Ross Johnson, remembered

Fair Political Practices Commission Chairman Ross Johnson, talks to the Sacramento Bee Capitol Bureau in 2007.
Fair Political Practices Commission Chairman Ross Johnson, talks to the Sacramento Bee Capitol Bureau in 2007. Sacramento Bee Staff Photo

This editorial first appeared on April 19, 2010, under the headline, “Kudos to champ of transparency.” Sen. Ross Johnson has died.

Ross Johnson has served Californians well as chairman of the Fair Political Practices Commission. His tenure is coming to a close much too soon.

Johnson announced last week that he must step down for health reasons, effective at the end of this month. As he leaves the public stage, Johnson is doing the honorable thing, because the job of FPPC chairman is too important to be done part time by someone who is distracted.

In his three years as FPPC chairman, Johnson proved himself to be one of Gov. Arnold Schwarzenegger's finest appointees. He truly believed that government must be transparent, and brought life to the saw that sunshine is the best disinfectant.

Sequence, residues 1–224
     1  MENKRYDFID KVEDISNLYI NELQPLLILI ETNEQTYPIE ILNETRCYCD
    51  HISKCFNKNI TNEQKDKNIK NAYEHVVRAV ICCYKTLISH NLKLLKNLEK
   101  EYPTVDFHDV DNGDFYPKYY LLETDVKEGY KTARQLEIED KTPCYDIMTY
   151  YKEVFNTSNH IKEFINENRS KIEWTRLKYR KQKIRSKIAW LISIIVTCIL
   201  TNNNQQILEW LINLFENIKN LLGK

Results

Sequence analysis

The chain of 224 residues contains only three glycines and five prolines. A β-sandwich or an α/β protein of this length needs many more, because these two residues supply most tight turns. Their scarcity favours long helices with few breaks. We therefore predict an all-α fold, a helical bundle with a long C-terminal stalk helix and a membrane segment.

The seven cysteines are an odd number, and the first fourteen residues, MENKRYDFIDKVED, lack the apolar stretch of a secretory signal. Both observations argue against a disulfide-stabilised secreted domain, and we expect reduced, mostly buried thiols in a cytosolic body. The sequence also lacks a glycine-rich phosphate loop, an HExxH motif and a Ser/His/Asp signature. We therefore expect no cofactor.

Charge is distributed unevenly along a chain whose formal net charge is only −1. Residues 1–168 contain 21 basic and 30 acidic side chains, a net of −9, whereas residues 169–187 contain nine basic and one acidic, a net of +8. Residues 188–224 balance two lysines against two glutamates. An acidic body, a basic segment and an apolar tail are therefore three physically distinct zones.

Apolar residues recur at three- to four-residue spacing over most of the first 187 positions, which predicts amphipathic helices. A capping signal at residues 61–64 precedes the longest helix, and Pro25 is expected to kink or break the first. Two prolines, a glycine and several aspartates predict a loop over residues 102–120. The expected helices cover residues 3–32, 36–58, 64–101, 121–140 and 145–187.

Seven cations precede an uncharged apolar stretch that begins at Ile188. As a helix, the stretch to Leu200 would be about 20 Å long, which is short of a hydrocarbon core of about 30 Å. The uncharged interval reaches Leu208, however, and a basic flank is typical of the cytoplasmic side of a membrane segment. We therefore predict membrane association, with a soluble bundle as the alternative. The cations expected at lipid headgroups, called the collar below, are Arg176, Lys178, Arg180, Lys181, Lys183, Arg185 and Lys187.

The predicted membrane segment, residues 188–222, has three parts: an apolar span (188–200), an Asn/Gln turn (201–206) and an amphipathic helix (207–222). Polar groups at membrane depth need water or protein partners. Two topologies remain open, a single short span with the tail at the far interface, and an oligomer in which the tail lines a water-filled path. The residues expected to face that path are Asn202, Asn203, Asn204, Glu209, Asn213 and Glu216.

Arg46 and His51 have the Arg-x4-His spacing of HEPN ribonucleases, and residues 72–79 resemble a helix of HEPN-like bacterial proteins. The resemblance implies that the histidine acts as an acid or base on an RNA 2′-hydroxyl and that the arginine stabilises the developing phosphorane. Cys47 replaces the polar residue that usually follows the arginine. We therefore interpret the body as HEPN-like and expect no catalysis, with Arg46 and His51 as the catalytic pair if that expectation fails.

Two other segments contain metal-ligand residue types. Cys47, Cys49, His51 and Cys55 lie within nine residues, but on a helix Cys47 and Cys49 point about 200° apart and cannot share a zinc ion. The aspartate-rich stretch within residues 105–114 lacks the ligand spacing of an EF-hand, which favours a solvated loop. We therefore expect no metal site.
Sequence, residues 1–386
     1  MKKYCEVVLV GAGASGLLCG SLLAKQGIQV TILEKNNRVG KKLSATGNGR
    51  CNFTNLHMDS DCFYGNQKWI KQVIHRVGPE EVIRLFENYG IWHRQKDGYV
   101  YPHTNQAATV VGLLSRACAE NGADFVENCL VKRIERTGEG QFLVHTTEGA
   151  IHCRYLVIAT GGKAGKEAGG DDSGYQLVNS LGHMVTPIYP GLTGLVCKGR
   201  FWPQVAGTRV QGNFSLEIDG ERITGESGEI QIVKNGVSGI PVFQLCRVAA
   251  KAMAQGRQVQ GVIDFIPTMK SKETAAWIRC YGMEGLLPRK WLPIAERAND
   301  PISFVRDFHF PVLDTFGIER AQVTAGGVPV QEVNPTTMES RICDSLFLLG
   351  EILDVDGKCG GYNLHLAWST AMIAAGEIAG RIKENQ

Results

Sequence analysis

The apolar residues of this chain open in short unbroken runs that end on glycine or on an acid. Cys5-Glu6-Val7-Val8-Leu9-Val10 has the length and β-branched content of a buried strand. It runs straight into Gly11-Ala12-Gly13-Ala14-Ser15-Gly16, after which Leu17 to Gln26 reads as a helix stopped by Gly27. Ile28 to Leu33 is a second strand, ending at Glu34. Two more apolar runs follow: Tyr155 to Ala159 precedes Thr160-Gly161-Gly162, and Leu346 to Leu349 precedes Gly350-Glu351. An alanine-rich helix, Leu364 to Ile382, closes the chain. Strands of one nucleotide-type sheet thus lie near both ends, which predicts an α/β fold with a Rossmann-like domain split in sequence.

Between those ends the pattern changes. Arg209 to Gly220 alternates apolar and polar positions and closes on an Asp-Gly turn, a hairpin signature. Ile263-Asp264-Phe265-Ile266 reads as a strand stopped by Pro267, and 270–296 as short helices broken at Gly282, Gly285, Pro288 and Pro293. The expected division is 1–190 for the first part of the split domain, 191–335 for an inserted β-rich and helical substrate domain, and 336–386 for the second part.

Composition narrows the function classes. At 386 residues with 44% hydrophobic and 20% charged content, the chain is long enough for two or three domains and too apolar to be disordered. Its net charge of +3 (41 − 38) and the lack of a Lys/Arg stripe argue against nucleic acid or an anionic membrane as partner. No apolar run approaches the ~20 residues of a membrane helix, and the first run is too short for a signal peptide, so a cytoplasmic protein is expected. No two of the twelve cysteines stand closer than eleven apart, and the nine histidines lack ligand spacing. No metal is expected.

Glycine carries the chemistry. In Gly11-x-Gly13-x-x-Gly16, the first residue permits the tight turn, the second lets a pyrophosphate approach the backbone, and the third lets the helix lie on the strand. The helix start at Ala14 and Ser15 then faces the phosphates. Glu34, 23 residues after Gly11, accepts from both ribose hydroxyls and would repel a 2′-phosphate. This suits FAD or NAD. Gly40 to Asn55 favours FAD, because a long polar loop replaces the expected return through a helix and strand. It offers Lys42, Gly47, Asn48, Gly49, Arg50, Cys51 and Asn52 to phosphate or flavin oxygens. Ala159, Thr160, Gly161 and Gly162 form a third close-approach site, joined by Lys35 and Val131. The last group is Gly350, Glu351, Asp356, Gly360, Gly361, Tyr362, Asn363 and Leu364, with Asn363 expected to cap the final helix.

Under Johnson, the FPPC brought public attention to little-known aspects of politics. He produced factual reports about the largest campaign donors in the state, and independent expenditures, and made them accessible to the public.

He placed on the FPPC's website updated spreadsheets detailing so-called behest contributions, in which politicians funnel large donations to their pet charities from moneyed interests.

Under Johnson, the commission has worked to close loopholes that officials exploited to hide gifts from interest groups, and imposed fines on lawmakers of both parties.

Johnson knows all the tricks of the political trade, having spent a quarter-century in the Legislature, beginning in 1978. One of his best friends is former Sen. John Burton, who is every bit as liberal as Johnson is conservative. Johnson understands it takes more backbone to shake a hand than it does to give the back of a hand.

California has had other strong FPPC chairmen and chairwomen. But Johnson set a new standard. In this election year, when hundreds of millions of dollars will be spent on campaigns, Schwarzenegger will need to move quickly to fill the vacancy.

This editorial ran on April 19, 2010.

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